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Day in the Life of a Truck Driver

Are you curious what a day in the life of a truck driver actually looks like? Want to learn more about the life of a truck driver so that you can decide whether the profession is right for you? Below, we’ll highlight the typical schedule of a truck driver. We even discuss some of the benefits of becoming a truck driver and you can learn more about this in-demand profession.

What Does the Typical Day for a Truck Driver Look Like?

Today, we’ll be looking at a typical day in the life of an over-the-road (OTR) truck driver. Unlike local drivers that are home every evening, OTR truckers are typically gone for weeks at a time. They will pick up a load, deliver it to its destination, and then proceed to the next designated location.

Depending on the company that they work for, an OTR driver may haul loads throughout a region or even across the nation.

Regardless of what type of trailer they use or what materials they are transporting, most OTR truck drivers’ days can be broken down into the following three phases:

Truck Driver’s Typical Morning Schedule

If the driver is already on the road, then they will usually begin their day in the sleeper cabin of their truck.

  • Starting Early: Most truck drivers like to get an early start on their day. This practice allows them to perform basics like taking a shower or performing other hygiene-related tasks before the truck stop gets too crowded.
  • Breakfast: The life of a truck driver often involves eating breakfast at the truck stop that they parked at for the night. Fortunately, most of these truck stops are connected to fast food restaurants, which means that drivers can grab a quick bite to eat without wasting too much time.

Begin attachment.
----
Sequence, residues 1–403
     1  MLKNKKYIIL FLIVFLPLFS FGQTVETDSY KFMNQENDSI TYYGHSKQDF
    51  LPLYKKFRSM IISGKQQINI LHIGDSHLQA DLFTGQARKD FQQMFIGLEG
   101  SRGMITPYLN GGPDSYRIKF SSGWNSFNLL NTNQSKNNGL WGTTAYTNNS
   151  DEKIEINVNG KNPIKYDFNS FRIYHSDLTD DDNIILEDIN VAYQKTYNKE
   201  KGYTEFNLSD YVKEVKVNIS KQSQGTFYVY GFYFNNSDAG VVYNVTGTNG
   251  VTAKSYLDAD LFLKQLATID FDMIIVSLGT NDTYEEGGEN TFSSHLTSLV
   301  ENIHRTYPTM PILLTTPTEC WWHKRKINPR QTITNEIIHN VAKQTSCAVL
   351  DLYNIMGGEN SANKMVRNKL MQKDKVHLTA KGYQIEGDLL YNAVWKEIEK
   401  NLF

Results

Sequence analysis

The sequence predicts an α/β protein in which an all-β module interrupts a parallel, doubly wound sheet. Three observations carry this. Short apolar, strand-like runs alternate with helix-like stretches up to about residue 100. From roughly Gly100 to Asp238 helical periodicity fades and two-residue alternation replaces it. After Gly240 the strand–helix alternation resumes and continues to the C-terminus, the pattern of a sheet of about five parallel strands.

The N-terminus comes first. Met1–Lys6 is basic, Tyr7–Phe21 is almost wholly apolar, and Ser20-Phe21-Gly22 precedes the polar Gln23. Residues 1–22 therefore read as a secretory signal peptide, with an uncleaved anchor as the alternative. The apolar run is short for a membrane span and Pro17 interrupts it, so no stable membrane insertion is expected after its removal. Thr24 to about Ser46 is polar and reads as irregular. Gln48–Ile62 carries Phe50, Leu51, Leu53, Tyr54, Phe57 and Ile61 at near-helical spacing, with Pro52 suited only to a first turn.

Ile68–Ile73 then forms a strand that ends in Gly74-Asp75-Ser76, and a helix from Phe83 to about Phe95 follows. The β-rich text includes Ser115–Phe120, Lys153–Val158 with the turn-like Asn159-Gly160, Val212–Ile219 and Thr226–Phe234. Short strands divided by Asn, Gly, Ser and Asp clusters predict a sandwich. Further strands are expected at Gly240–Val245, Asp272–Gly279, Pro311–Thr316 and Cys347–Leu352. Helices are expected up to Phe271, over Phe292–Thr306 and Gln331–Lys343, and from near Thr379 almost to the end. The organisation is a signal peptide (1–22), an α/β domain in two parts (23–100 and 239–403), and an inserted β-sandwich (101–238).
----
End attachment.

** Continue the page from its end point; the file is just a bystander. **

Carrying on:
• Pre-Trip Inspection: Once they have had breakfast and that all-important cup of coffee, the driver will need to perform a pre-trip inspection on their truck. They will also need to inspect the trailer to ensure that it is safe to drive.
  • Getting on the Road: After the pre-trip inspection is complete, the driver will hit the road. They will usually try to get on the road as early as possible so that they do not have to contend with rush hour traffic. Remember, drivers must log their hours of service, which means that any traffic delays can cause a delivery to be late.

Truck Driver’s Typical Afternoon Schedule

If all went according to plan, the driver would likely make it to their delivery location by early to midafternoon. Their afternoon schedule will consist of the following:

  • Drop & Hook: Depending on the company and the type of materials that the driver is hauling, they may be able to make a “drop & hook” delivery. This means that they will “drop” their current load at the destination and “hook” up to another trailer. The drop & hook method is the most efficient style of delivery.
  • Live Unload: Live unload is a delivery method that is commonly used among LTL or less-than-truckload haulers. The driver must back up to a warehouse bay and remain there while staff members unload the requisite items from their trailer. After unloading is complete, the driver will either proceed to their next location or will return the container to a port.
  • Lunch: After completing the delivery, the driver will then stop for lunch. They may have food stored in the cabin of their truck or park at a restaurant, depending on their current schedule.